We promised ErlyBank we’d validate the existence of accounts, and the first line is where we do it. We attempt to find a value from the state dictionary for the person trying to deposit the account. The find method of dict returns one of two values: Either {ok, Value} or error.

In the case that the account exists, Value equals the current balance in the account, so we add the deposited amount to that. We then store the new balance for the account into the dictionary and set that to a variable. I also store the response in a variable, which should look just like the comment for the deposit API said it would: {ok, Balance}. Then, by returning the tuple {reply, Reply, State}, the server sends the Reply back to the calling process, and stores the new state.

On the other hand, if the account doesn’t exist, we don’t change the state at all, but we reply with the tuple {error, account_does_not_exist}, which again follows the spec in the comments of the deposit API.

Again, here is the updated eb_server.erl source after this addition.

Account Destruction and Money Withdrawals

I am actually going to leave it as an exercise to the reader to complete the account destruction and withdrawal APIs for the module. You have all the necessary knowledge to do these things. If you need any help with the dict module, refer to the dict module API reference. For withdrawals, please validate both that the account exists and that it has enough funds for the withdrawal. You do not have to handle the case of withdrawing negative funds.

Once you’ve finished, or if you’ve given up (I hope not!), you can view the answer here.

Final Notes

In this article, I showed you the basics of gen_server and how to create a client-server relationship. I did not cover the full capabilities of gen_server which include such things as timeouts for message receiving and stopping the server, but I feel I’ve explained a solid portion of the behavior module.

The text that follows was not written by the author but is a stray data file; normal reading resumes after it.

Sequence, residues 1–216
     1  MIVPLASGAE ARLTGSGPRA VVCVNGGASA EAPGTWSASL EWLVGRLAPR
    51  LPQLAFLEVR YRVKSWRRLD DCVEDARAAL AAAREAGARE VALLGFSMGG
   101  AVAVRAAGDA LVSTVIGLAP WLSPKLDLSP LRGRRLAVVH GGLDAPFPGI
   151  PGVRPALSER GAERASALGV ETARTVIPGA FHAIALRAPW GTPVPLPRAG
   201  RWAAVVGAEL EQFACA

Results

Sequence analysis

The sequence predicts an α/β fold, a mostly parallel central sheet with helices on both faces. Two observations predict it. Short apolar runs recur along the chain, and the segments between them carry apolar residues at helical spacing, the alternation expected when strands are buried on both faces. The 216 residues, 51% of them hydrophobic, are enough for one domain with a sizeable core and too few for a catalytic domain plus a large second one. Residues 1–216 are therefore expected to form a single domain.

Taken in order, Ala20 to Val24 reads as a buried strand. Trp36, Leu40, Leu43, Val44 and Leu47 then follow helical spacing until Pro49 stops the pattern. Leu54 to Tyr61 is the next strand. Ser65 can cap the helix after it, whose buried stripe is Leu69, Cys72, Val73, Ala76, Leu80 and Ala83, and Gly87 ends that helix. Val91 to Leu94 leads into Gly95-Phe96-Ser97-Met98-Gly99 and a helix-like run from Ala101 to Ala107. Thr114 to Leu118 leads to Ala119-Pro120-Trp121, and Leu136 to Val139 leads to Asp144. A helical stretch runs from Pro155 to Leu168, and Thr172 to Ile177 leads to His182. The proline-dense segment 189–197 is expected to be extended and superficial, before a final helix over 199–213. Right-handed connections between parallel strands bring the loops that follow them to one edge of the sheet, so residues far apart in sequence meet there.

If you wish to learn more about the callback methods, possible return values, and more advanced usages of gen_server, read the manual on gen_server. Read all of it, really.

Also, I know I did not touch and I barely mentioned the code_change/3 method, which for some reason causes the most excitement in people. Don’t worry, I have an entire article (near the end of the series) dedicated to deploying real-time upgrades to running systems, and this is where this method will come into play.

The next article, in a few days, will be on gen_fsm. So if this article tickled your brain, feel free to jump in on that manual and get a head start! Maybe you can guess what wacky continuation of ErlyBank I’ll be adding with gen_fsm. ;)

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  1. J Sep 06, 2008 08:44

    Nice tutorial! I think this will help out a lot of beginners. This is one of the better resources I’ve seen explaining OTP. Thanks.

  2. zamous Sep 06, 2008 09:06

    Nice job. Hoping to see a bunch more articles like this.

  3. Samuel Tesla Sep 06, 2008 09:10

    Excellent article, and congrats on making it to the top of Hacker News.

    I have one factual correction, though. Erlang does not guarantee that messages will be delivered. All it guarantees is that if they are delivered, they will be delivered in order which they were sent.

    I’m starting a similar series on my blog, except I’m writing some blog software. Should be fun.